Oldalképek
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Perhaps there are many reasons for it. One to me is. not fanciful, but real. Advancing civilization, mistaken economy, have abolished the hearthstone. Our homes have no fireplaces, and no one domestic centre. If we have gained economically and physically, we have lost morally. There is no centre of sympathy and of converse nów. You cannot make a room with a stove or a furnace like a room with an open fire, nor is the drawing around a hole in the floor or the gazing at a black iron cylinder like the fondly remembered circle around the blazing fire. When the fire went out upon the hearth, there went with it one of the strongest and healthiest influences of home. May a better civilization, and a truer economy, and a juster sense of comfort combine to restore it, and with it may there come again a troup of wholesome influences, banished from our homes, but not forgotten in our memories, influences unconsciously forming the habits and lives of even the youngest sitter there, influences which, subtracted from our lives, would leave a painful void, influences we seek in vain in other ways, by other means, to supply to our children.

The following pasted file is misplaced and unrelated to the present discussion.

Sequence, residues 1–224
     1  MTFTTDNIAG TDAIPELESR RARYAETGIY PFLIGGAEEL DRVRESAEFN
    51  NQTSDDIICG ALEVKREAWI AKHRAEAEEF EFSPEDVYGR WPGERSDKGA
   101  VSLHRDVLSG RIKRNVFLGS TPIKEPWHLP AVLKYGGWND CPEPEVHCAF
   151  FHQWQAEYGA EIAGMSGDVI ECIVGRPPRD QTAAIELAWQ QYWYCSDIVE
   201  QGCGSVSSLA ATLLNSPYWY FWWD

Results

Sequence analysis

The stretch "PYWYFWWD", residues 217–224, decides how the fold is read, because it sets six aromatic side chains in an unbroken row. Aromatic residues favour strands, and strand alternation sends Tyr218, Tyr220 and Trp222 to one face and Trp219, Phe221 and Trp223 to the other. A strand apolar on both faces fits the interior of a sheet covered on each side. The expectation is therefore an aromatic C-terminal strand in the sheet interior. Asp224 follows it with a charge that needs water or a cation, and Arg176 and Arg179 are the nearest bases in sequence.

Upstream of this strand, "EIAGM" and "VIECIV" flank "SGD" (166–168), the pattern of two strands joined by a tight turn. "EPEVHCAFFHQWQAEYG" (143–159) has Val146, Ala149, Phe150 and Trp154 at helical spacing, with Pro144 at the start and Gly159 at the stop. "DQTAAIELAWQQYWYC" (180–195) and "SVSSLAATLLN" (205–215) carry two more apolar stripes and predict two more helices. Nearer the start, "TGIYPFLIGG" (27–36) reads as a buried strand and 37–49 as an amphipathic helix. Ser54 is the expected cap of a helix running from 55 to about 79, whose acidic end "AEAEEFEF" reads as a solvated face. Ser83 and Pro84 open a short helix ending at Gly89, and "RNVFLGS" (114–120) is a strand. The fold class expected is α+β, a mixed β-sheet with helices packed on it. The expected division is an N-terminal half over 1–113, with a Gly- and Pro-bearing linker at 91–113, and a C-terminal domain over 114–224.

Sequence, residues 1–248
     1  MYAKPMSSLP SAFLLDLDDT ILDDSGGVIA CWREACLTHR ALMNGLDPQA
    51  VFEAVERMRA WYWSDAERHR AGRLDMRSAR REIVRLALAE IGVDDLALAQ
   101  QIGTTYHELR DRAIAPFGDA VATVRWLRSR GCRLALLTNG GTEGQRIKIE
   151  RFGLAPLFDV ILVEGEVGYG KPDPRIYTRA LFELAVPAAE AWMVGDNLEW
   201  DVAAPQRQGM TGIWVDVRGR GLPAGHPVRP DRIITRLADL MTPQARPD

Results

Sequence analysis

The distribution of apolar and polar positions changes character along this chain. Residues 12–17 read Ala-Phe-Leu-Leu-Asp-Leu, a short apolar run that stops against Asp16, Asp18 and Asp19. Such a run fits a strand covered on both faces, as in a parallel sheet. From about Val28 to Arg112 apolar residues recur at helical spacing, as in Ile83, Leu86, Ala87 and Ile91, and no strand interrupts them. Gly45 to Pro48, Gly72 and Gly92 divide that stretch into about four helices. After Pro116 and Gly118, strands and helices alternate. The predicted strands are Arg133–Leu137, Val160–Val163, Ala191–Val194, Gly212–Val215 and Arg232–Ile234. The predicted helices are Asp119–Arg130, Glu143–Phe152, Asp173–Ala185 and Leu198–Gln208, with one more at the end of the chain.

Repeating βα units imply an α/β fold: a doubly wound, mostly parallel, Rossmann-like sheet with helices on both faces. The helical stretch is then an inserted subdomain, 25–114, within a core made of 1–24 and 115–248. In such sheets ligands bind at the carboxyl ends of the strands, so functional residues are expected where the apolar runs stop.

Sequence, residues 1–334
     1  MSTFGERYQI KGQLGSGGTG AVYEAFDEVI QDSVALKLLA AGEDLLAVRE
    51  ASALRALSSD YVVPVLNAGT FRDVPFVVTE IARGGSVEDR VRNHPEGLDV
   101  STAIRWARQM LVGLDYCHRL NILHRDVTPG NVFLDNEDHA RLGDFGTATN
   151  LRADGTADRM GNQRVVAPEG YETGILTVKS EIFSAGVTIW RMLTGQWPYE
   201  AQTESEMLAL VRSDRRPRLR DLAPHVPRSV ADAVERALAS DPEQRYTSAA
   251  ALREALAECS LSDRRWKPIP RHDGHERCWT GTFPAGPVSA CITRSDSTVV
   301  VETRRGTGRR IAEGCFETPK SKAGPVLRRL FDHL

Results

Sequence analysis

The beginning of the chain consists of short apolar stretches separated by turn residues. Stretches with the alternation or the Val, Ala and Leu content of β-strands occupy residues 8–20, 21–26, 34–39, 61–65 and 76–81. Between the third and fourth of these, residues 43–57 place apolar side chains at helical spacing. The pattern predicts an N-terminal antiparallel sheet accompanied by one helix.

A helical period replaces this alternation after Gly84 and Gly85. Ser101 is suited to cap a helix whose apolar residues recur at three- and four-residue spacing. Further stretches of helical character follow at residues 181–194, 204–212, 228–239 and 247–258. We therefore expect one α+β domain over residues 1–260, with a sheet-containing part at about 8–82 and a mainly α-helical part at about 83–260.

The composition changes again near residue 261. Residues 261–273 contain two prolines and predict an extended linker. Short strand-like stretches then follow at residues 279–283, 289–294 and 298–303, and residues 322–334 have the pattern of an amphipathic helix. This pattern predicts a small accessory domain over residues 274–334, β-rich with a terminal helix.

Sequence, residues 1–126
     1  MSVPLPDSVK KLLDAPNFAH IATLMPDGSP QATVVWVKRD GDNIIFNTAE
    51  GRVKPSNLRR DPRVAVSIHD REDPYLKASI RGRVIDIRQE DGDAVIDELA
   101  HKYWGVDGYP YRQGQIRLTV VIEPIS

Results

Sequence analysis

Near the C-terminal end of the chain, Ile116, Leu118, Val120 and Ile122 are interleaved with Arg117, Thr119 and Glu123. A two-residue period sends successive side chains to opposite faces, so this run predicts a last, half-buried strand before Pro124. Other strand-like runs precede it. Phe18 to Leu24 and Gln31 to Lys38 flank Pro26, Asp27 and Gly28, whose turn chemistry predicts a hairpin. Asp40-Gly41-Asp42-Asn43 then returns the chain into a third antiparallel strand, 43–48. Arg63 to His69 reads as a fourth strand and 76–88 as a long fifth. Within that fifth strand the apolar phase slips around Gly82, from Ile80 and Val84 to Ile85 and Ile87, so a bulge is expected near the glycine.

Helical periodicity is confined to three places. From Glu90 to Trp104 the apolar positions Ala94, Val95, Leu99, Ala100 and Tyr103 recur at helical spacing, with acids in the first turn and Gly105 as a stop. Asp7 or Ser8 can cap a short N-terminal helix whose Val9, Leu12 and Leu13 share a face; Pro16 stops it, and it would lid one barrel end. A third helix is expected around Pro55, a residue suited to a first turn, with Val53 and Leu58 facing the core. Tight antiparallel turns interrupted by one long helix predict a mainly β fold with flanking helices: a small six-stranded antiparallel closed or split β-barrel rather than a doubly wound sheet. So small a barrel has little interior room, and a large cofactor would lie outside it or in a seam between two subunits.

V.
EWENINGS AT HOME.

ACRED TO the home before all other portions of the day is the evening. The morning comes with its demand for labor. Before us lie our varied tasks. Over our first waking moments there is a shade of anxiety, as involuntarily the day's probable demands or accurately-determined duties rise before us. The morning, too, is the signal for separation. Life is awake again, and we must be at work. Business, domestic detail, the school, call us at once from the home, and till the sun goes down we are scattered — children of the dispersion—in our separate spheres, busy in that thing which is our first and prominent duty. There is no home again until

“The world's comforter, with weary gait,
His day's hot task has ended in the west.”

That is the glad signal for reunion; and, converging toward the one common centre, with weary bodies